Commercial ties

Today, the volume of bilateral business in the mining sector is around $35 billion:  $19 million for Brazil and $16 million for Canada, after the purchase of Inco. Canadian commercial ties to Brazil are not limited to the mining industry, however. Investments in education, technology, health, aeronautics, satellites and transportation infrastructure are on the rise. All in all, some 500 Canadian companies are active in Brazil. In 2012, Brazil was the 7th highest source of foreign direct investment in Canada with $15.8 billion in cumulative stocks.

If the trend continues, Canada’s investment in Brazil will likely increase and although it looks like the recent espionage will not affect its business and commercial relations, they do leave a bad taste for the more than 20,000 Brazilians that live in Canada, especially as Brazil waits for an apology.

The first significant wave of Brazilians came to Canada in 1987 and Canada has recently become the largest recipient of Brazilian students, surpassing the United States. In 2011, 20,000 Brazilian students came to Canada. The program Science without Borders is sending thousands of Brazilian students for under-graduate and post-doctoral degrees in Canada. Most Brazilians in Canada reside in Quebec, Ontario and British Columbia. Canada has had a trade office in Brazil since 1866, and in May 1941, Brazil opened its embassy in Ottawa and now has consulate offices in Montreal, Toronto, and Vancouver. 

{module NCM Blurb}

Published in Latin America
Friday, 31 January 2014 01:45

Brazilians getting over it

by Humberta Araújo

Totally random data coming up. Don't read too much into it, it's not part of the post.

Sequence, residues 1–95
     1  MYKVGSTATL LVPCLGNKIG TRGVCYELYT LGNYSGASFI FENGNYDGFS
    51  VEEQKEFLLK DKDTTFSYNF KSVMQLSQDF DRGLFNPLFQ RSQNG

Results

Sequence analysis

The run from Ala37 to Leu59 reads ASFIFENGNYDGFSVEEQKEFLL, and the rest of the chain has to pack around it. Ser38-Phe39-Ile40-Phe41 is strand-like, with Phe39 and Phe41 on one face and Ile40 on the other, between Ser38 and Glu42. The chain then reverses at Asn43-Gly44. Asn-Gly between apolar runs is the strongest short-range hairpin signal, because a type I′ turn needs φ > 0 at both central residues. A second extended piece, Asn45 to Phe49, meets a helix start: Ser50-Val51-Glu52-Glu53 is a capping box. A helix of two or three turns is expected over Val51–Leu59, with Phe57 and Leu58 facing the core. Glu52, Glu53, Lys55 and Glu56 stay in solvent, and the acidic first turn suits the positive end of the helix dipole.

The October allegations that Canada’s surveillance agency was spying on Brazil’s Ministry of Mines and Energy took Brazilians in Canada by surprise. The so-called “industrial espionage” has strained the relationship between both countries. The incident became a serious diplomatic embroilment overshadowing bilateral relations.

These allegations seem contrary to Canada’s official statements that Brazil is a key partner for Canada. "Brazil is at the nexus of the Government of Canada’s Strategy for Engagement in the Americas, Global Commerce Strategy and International Education Strategy,” reads the Government of Canada’s web site.

Raul Papaleo, president of Brazil-Canada Chamber of Commerce (BCCC), said there was no justification for Canada’s espionage. "This incident was an unwise and serious act. Canadian companies with interests in Brazil have always had open channels of communication. There was no need for such an attitude. The Canadian ambassador and the Brazilian minister have daily and direct contacts with each other, in case they need to discuss any kind of issue.”

The Brazil-Canada Chamber of Commerce was established in 1973 as a business association to foster stronger commercial relations between Brazil and Canada, and, in fact, hosted a meeting between Brazil’s Ministry of Mines and Energy and Canadian mining corporations last December, just a few weeks after these spying allegations were front page news in Brazilian and Canadian media.

"We all know that countries are concerned with their own national security sector. However, this kind of industrial and commercial espionage is not good and no one accepts it," added Mr. Papaleo.

While Brazilians may be upset by these actions, Mr. Papaleo believes that the work of the Communications Security Establishment Canada (CSEC) will have no impact on ongoing business. "The Brazilian Government will not implement specific regulations to restrict business in the wake of this incident. But, of course, this cannot happen again," he warned.

The allegations

Allegations of espionage arose in October, after documents leaked by former (U.S.) National Security Agency contractor Edward Snowden claimed that the CSEC was targeting metadata of phone calls and emails to and from the ministry.

José Francisco Schuster is a Brazilian-Canadian journalist who has been following this issue. For him, the "allegations of espionage caught Brazilians in Canada by surprise. Until then, Brazilians saw Canada as a sympathetic and supportive neighbour."